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Robert Kerr (writer)
This eBook from the Gutenberg Project consists of approximately 655 pages of information about A General History and Collection of Voyages and Travels Volume 08.
wind being at S. we stood all night westwards, and in the morning had lost company with the Hector, when we steered N.W. with little sail till noon, thinking to get sight of the Hector, but could not.  The 1st February, in lat. 16 deg. 20’ S. we had sight of St Helena, 12 or 13 leagues N.W.  The 2d, having the wind at S.E. we lay off and on east of the island most part of the night, and in the following morning we stood to the north of the island, coming to anchor about noon in the road of St Helena, in 20 fathoms, on blackish gravelly sand.  We had a point of land to the N.E. a sharp hill like a sugar-loaf, with a cross upon it, N.E. by E. the church in the valley S.E.  In this valley there are many trees, the high land S.E. from the church, and the entire valley being full of trees.  We moored S.E. and N.W. the anchor in the offing being in 21 fathoms.

At night of the 3d, we had sight of the Hector coming round the south end of the island, but she could not fetch into the road, yet stood to the northward as near as she could, having the wind at east.  The 4th and 5th our boats went out to endeavour to help her into the road, but could not.  Having a little wind on the 6th, our boats towed her in, bringing her to anchor in 35 fathoms, a mile and half from shore, bearing from us S.W. by W. distant about two leagues.  The 11th we set sail from St Helena, the wind at E.N.E. and steering N.W.  The N.W. part of St Helena is in lat. 16 deg.  S. and the variation is 7 deg. 45’.  The church, that bore S.E. of us when we were in the road, stands in the bottom of the fifth valley from that point which bore N.E. from us.  We came to anchor in the Downs on the 6th May, 1606, where we lay at anchor eight days, waiting for a fair wind.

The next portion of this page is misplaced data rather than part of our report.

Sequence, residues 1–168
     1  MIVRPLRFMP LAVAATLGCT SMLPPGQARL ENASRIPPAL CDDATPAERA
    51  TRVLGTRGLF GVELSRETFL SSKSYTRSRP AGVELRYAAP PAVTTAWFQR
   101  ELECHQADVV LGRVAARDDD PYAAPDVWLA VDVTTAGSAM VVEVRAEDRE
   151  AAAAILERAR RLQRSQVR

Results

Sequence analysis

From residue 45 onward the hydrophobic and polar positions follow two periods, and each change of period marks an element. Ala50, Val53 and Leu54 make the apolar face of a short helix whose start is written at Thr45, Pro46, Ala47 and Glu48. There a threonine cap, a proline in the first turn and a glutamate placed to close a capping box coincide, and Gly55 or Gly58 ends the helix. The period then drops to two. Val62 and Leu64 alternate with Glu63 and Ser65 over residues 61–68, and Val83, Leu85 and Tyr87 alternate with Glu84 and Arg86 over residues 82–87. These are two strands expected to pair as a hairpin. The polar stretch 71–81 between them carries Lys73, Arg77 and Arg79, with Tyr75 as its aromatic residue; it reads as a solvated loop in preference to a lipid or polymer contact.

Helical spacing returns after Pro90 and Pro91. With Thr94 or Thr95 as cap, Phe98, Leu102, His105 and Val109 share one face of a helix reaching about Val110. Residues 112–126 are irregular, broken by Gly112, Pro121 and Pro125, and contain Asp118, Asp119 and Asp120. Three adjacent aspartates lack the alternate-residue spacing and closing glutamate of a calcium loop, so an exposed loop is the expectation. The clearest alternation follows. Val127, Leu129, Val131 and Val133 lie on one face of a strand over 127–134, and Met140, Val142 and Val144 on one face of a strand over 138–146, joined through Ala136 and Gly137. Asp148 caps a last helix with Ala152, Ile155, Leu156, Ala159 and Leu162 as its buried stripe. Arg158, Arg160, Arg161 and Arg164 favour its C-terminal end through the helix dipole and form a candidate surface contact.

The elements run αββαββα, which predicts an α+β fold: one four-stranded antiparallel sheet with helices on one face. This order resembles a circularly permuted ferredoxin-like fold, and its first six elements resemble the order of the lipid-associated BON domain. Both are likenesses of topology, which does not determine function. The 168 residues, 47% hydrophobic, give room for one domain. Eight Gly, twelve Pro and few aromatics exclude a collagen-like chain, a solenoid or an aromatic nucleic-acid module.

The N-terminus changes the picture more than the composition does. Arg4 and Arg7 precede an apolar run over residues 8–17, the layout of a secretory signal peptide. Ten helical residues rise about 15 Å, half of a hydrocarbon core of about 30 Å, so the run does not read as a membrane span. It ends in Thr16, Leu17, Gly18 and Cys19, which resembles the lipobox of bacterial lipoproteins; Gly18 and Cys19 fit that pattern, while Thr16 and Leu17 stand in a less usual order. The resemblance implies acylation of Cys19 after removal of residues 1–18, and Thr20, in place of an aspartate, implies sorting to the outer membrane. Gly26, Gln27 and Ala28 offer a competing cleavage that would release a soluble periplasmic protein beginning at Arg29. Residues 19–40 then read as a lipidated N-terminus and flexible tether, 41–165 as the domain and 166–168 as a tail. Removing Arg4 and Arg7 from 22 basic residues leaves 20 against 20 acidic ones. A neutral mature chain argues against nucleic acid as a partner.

SECTION IV.

Third Voyage of the English East India Company, in 1607, by Captain William Keeling.[156]

INTRODUCTION.

In this voyage three ships were employed, with about 310 men; the Dragon, admiral, Captain Keeling, who was chief commander or general; the Hector, vice-admiral, commanded by Captain William Hawkins; and the Consent, Captain David Middleton.  The relation of the voyage, as appears from its title in Purchas, was written by Keeling, the chief commander or general, or, as he would now be called, the commodore:  But, by a side-note, Purchas informs us, that he had abbreviated the narrative from the journals written at sea, by Captains Keeling and Hawkins, which were very voluminous, occupying a hundred sheets of paper, and that he had only retained the most necessary observations for sea and land affairs.

[Footnote 156:  Purch.  Pilgr.  I. 188.  Astl.  I. 312.]

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